With voting closing today, Andy Peck reflects on limp campaigning and calls for something more real.
There is much to remark on the Guild elections, and even some things to lament. The cliquishness of it all, the idea it's so much harder to run if you're not a Big Name On Campus - or at least big into societies - and the ultimate powerlessness of the positions they're fighting for, are three. The biggest lament I have, however, is how sterile the campaigning is. It's all so squeaky clean and harmless.
A cursory glance at guild legislation mentions nothing about 'playing nice' aside from not actively blocking or destroying opponents posters. I imagine it has just become custom to do so, and to engage in anything more than fluctuating between derivative or outlandish policies, with colourful signs and a clever gimmick, is to be frowned upon from all directions as a perceived wrongdoing.
Why? Negative campaigning has an understandably bad press, but it can open up the debate and stir interest in an election in ways purely positive campaigning cannot. By making it possible for opponents to openly call into question a candidate's pledge or record, it enters it into the collective consciousness and voters become privy to greater information about their potential candidates.
Say, for instance, candidate A makes a certain pledge, to keep it impartial I'll make it nonsensical, to introduce a barter system on campus next year. Candidate B should be able to claim the guild is already bringing in such a policy, so A is essentially free-loading on last year’s efforts while Candidate C could add that A has a home-brewing kit and would do very well out of a campus-wide barter system. The placing of signs stating these facts would inform the voters who could then quiz the candidates or their campaigners. By asking for verification or explanation it opens up the discourse beyond the limited and, frankly, dry and predictable, stated manifestos.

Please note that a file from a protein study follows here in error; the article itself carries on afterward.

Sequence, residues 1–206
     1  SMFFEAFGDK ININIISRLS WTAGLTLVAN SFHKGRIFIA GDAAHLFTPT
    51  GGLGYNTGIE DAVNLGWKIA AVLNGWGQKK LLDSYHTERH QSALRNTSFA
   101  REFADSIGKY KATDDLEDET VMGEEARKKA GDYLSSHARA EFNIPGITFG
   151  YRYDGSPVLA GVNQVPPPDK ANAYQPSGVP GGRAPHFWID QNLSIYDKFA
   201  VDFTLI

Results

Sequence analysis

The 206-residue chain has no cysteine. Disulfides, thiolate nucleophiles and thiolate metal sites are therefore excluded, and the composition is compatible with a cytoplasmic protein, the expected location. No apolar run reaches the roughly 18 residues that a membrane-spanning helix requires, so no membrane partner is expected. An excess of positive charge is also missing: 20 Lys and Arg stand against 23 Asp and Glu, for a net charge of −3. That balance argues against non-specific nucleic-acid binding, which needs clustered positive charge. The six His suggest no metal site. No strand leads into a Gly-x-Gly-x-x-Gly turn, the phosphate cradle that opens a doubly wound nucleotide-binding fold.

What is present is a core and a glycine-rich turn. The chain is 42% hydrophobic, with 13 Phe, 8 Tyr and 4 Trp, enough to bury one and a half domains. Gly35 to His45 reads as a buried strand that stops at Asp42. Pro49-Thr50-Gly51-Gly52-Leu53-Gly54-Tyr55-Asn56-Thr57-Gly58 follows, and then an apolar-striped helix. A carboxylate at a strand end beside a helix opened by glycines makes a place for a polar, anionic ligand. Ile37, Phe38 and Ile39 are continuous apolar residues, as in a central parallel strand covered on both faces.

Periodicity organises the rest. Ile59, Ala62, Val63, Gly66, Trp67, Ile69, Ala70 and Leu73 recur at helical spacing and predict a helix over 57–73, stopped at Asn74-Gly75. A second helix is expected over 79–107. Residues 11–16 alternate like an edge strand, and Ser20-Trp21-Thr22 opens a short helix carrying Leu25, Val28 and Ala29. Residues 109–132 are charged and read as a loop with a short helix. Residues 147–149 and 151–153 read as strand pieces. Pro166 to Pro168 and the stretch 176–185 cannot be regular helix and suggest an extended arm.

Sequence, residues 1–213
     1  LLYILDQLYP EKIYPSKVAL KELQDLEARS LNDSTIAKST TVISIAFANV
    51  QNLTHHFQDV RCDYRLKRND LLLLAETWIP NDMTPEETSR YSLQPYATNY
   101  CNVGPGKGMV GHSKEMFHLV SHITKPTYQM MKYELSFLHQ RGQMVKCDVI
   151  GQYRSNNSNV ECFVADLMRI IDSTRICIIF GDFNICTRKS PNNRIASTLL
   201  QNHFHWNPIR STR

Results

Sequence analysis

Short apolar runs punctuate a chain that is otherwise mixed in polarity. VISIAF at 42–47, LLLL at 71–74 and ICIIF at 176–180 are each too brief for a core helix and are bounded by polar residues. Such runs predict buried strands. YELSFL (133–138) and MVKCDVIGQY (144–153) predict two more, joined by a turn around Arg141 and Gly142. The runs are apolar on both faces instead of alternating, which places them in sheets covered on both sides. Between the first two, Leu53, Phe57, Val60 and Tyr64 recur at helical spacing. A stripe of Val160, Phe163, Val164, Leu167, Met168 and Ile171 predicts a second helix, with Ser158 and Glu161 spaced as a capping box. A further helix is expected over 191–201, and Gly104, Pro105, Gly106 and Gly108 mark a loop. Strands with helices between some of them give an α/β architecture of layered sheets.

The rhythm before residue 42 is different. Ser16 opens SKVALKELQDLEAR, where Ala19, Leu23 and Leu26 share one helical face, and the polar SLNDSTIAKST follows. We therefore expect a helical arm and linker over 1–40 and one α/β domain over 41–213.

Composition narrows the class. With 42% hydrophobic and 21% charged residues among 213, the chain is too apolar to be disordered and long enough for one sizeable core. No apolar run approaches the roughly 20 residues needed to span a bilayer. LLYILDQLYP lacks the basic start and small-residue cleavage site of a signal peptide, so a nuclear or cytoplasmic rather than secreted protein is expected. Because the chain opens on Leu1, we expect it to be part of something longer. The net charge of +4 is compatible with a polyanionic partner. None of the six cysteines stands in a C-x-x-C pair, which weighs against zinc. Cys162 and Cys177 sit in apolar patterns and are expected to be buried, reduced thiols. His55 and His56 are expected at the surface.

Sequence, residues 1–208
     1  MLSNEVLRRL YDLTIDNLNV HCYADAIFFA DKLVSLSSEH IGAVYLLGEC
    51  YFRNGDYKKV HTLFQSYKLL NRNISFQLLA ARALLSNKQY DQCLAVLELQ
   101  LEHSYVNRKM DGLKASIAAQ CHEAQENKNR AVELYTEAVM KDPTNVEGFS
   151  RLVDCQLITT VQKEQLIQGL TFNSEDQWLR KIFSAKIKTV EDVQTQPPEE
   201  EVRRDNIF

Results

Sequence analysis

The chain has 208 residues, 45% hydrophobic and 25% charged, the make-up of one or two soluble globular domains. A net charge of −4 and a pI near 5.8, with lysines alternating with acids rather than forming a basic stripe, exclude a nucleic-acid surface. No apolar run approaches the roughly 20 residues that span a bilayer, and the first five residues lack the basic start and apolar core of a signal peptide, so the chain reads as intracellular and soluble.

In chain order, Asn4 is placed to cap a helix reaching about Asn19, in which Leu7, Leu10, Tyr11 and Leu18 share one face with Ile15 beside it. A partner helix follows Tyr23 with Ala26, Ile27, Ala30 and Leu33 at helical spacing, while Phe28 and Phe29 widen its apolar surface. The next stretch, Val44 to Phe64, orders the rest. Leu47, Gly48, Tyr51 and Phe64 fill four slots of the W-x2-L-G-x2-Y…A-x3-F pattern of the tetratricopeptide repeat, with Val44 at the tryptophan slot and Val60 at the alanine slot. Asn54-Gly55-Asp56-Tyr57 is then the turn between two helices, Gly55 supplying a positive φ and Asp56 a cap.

A sound rebuttal would discredit B and C, while a verifiable attack would expose A for the dishonest candidate they are. This would not have happened had all three candidates campaigned solely on their own issues. The providing of some information too, on how a candidate has acted in the past, who they associate with and which societies they are part of would go a long way to help inform voters on what they would do and who they would support if elected, more so than going just on their manifesto pledges.
Such talk already goes on within certain circles; guild insiders who know the candidates personally or professionally discuss candidates on another level to those who only know the candidates formally. Opening the scope of campaigning will bring the rest of us in on such information. We'd all be a little more informed, and candidates would have less control on the information we are given to make a decision.
The downside I would imagine would be the personal attacks, or the spurious or untruthful claims about a candidate and their policies. Therein lies the need for one regulation, and one regulation only: every claim must be approved by a candidate. Every attack should have a name behind it so it can be sourced. Nobody should be able to attack anonymously to escape the scorn of the voters if they are too economical with the truth, or too harsh in their attack.
We're all adults here and by putting on kid gloves when it comes to Guild Elections, we are mollycoddling adults running for positions of real responsibility. If the campaigns get more aggressive it might scare off potential candidates too timid to fight their corner for fear of awkward attacks from other candidates. But if their campaign is so homogeneous, derivative, unprepared, misguided or wrong-headed that it cannot stand up to peer scrutiny, or they do not have the courage to stand up for their positions, except in the most sanitised conditions, their potential election as a Sabbatical Officer would do the guild and the students it represents few favours in the long run.